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When we experience a stressful situation, we experience a stress response, also known as the fight-flight-or-freeze response. How we respond depends on several factors, but I’ve found that I often freeze in stressful situations. Because of this, I’ve had to learn ways to unfreeze to help me move forward in certain circumstances.
I've used art to manage my mental illness. Art and tapping into creativity is an excellent source of self-therapy. When I was in intensive therapy during a difficult point of my life, I was introduced to art as therapy. I was skeptical at first, but the idea that art could help manage my mental illness and be soothing and stress-relieving opened a new door for me in my recovery.
Taking intentional pauses in my life has been transformative for my self-esteem. For a long time, I struggled with feelings of inadequacy and self-doubt. Life seemed like a relentless race, and I was perpetually out of breath, unable to keep up with its demands. It wasn't until I started taking intentional pauses that I began to see a change in my self-esteem and overall mental health.
Ghosting can affect a person's depression. And while people with mental illnesses like bipolar are known to sometimes ghost others, we, ourselves, get ghosted too. So, what happens to a person's depression when they're ghosted?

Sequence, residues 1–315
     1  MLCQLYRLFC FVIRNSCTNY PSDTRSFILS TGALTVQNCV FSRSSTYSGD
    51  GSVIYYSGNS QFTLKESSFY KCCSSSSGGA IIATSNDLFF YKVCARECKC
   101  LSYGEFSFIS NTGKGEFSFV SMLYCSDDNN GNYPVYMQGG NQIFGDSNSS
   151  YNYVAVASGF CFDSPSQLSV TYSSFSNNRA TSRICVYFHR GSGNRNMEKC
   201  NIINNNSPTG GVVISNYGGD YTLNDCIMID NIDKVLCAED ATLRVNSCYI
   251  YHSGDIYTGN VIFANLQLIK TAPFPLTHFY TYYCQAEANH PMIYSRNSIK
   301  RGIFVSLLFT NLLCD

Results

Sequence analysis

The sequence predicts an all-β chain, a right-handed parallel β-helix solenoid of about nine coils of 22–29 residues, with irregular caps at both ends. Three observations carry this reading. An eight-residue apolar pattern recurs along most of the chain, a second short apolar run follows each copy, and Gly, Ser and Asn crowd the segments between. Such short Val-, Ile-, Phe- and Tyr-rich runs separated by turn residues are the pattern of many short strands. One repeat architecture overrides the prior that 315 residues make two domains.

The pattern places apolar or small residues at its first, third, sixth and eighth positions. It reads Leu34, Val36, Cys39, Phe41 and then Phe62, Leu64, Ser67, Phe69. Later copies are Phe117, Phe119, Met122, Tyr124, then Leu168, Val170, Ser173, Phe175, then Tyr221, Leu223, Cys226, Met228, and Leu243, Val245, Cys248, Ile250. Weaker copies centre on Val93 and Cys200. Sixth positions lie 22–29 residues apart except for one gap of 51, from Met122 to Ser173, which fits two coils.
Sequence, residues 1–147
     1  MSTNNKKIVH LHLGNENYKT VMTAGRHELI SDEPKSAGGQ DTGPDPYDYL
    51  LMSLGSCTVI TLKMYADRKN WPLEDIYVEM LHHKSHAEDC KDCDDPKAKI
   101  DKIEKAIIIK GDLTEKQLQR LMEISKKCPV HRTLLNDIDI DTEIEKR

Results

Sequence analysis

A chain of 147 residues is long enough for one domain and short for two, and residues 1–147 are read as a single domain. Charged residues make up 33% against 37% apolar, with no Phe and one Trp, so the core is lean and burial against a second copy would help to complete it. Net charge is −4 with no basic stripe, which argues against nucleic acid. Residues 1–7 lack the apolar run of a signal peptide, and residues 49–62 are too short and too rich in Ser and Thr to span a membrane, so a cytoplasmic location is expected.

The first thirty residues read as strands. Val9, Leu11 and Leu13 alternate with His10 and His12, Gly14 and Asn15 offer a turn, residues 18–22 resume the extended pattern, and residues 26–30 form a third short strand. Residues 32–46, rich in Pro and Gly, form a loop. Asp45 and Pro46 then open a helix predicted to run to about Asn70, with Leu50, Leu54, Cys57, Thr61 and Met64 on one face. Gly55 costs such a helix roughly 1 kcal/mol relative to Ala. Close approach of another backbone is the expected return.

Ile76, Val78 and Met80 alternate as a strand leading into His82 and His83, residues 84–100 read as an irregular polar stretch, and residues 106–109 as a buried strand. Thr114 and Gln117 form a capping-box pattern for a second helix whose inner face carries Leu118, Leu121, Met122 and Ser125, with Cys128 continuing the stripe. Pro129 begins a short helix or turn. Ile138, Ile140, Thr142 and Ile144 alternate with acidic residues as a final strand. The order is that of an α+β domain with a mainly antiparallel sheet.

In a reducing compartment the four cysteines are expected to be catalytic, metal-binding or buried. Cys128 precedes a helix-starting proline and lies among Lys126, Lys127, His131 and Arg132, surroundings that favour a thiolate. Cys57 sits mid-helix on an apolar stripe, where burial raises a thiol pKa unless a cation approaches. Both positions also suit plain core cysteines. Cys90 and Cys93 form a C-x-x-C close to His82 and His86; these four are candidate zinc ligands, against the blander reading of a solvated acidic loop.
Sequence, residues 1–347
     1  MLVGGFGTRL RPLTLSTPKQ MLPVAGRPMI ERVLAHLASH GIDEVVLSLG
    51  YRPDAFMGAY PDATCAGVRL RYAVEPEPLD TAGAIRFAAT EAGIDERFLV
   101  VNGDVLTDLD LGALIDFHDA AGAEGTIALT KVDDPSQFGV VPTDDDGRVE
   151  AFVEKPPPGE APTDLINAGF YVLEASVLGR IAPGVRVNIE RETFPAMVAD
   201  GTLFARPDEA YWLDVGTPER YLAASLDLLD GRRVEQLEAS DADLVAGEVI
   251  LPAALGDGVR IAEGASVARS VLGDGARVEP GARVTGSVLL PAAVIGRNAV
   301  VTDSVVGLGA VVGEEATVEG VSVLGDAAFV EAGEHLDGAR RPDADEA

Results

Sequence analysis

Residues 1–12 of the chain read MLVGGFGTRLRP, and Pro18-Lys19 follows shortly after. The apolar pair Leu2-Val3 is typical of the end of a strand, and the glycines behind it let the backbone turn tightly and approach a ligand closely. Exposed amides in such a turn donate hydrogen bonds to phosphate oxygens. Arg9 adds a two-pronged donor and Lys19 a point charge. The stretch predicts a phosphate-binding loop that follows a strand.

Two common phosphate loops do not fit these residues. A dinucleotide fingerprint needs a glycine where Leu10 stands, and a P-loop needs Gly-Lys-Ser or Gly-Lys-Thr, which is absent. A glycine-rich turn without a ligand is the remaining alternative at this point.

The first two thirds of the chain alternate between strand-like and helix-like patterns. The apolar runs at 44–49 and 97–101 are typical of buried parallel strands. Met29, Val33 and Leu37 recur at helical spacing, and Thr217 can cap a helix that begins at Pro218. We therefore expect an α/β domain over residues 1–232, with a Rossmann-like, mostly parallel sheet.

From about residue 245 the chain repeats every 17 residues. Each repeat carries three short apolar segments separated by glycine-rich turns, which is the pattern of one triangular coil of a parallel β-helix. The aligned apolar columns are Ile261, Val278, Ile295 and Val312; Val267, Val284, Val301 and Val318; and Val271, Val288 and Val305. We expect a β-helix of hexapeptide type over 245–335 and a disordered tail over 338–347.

Coping with cognitive distortions can be a challenge. In the intricate landscape of our brains, thoughts can often be like tangled balls of yarn, distorting reality and discoloring our perception of the world around us. For those of us coping with depression, these cognitive distortions can become particularly prominent, taking the tangled yarn and weaving a complex tapestry of negativity and despair. It becomes imperative to untwist our thinking and return to a more logical and realistic mindset. In the past year, through training peers about cognitive distortions and mental health wellness, I have come up with a couple of strategies to assist with coping with cognitive distortions. 
When you have a history of trauma, dealing with betrayal can feel devastating. We all face betrayals of sorts throughout our lives. Unfortunately, hurt people hurt people. Some parents exploit their children; some spouses have affairs; some friends backstab their childhood besties, etc. Betrayal is all around us. We betray others in small ways; they betray us just the same. Sometimes, it's unintentional. Other times, it's purposeful. Nevertheless, it happens. But add a history of trauma to betrayal, and it's even more detrimental.